• As I was driving home, I was hoping to see my music minister and friend, Jimmy P. but it was 4:30 when I drove through Granite Falls.  I decided to take a chance -- and there was his truck, all alone in the parking lot.  He normally would have left at 2:30, but today he had some things to do and was still there.  I wanted to tell him the news that I would be in the choir Sunday -- no radiocactive iodine -- and also tell him the not so good news.  He is such a comfort -- he prayed for me right there and I left feeling a great peace.                                                                      So, my dr and I are highly optimistic that this thing can be taken care of. I AM NOT WORRIED!!  There will be more tests and doctor visits, but it is just an inconvenience -- the cancer is obviously not very aggressive since it has been stewing for 2 years and it took a ton of scans to even find it. But I thank everyone for praying -- no sad faces -- it will NOT kill me!!             Lets celebrate Easter -- He is alive!!

Wednesday, March 16, 2016

Purple Heart


                                 
   
         Forty -eight years ago today, March 16, 1968, while I was enjoying life as sophomore at West Virginia University, my future husband was lying wounded in Viet Nam, waiting for morning so a helicopter could medivac him to a hospital and safety.  He and about 90 other paratroopers had been dropped off for a mission that turned deadly when that small group of men found that they were facing a whole battalion of enemy soldiers.  Sam said that about midnight they detected movement while he was on patrol and about that time he was hit and was seriously wounded.  He was attended by a medic during that long night.  He has a deep scar running from his hip to halfway down his thigh -- he would spend 2 months at a hospital in Japan before returning to Viet Nam. He was awarded his purple heart while in the hospital bed.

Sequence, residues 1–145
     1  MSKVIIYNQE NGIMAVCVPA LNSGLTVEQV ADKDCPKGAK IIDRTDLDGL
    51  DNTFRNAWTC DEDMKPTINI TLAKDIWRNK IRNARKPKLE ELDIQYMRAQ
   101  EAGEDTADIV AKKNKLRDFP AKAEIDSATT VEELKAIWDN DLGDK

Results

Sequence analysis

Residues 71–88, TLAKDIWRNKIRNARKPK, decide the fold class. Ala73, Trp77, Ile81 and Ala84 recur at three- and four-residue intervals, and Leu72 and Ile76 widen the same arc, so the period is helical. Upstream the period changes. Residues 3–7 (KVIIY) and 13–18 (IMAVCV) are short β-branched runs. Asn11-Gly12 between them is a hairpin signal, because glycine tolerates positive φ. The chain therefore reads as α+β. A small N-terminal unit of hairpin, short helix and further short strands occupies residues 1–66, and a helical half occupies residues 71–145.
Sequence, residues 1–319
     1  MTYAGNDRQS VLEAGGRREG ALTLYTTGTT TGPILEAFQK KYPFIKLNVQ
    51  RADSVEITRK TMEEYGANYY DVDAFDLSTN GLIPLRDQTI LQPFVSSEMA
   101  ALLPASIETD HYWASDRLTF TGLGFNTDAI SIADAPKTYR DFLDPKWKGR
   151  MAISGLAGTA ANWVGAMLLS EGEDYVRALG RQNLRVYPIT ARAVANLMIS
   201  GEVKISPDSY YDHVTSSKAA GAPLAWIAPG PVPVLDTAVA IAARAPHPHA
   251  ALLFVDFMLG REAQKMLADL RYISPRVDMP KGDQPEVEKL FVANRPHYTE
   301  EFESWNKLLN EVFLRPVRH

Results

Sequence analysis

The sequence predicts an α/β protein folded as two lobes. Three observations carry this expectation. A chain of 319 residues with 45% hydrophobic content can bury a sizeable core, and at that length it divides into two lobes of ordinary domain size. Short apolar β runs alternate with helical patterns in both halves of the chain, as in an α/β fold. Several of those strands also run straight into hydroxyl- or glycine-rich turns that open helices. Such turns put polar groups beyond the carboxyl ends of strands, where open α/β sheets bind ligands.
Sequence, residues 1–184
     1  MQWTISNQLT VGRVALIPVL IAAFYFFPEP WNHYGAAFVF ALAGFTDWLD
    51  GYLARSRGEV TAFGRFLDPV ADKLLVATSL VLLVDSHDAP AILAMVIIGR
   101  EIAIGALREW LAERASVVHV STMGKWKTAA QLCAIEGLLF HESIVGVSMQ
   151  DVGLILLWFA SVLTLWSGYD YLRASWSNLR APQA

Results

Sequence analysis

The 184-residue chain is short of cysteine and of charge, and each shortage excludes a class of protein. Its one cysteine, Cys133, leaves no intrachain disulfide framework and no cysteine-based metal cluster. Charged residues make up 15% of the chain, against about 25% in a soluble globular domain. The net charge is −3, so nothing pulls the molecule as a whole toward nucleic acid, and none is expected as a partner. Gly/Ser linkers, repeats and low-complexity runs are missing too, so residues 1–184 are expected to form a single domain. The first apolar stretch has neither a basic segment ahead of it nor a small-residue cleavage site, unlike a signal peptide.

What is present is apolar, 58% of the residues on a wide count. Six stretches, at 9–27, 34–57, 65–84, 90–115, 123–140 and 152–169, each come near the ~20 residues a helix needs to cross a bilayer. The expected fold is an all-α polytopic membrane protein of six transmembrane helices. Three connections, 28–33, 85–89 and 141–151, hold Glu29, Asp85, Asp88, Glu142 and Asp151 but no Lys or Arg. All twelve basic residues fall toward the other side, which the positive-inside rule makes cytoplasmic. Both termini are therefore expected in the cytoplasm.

A couple months ago, our pastor asked us to look back at God's providence and protection in our lives.  He suggested that it would be good to write it down and reflect on how God had provided for us in the past.  Lying in the jungles of Viet Nam, hurt and bleeding -- how could that be God's protection?  Well, as Paul Harvey used to say, here's "the rest of the story."

      A helicopter was able to land the next morning at pick Sam up so he could get medical treatment.  But not long after that, his unit was attacked by a battalion of NVA/VC and many of the American soldiers were wounded or killed.  Several men in Sam's unit were killed, including his platoon leader and the medic who had treated his wounds. His commander, Capt. Paul Bucha would receive the Medal of Honor for his heroic actions during the battle. If Sam had not be wounded, he likely would have his name on The Wall along with the other young men in his unit.
      
Psalm 105:4,5 says "Look to the Lord and His strength. Seek his face always.  Remember the wonders He has done." So today, as I remember the wonders He has done, I give thanks again for God's providence and protection.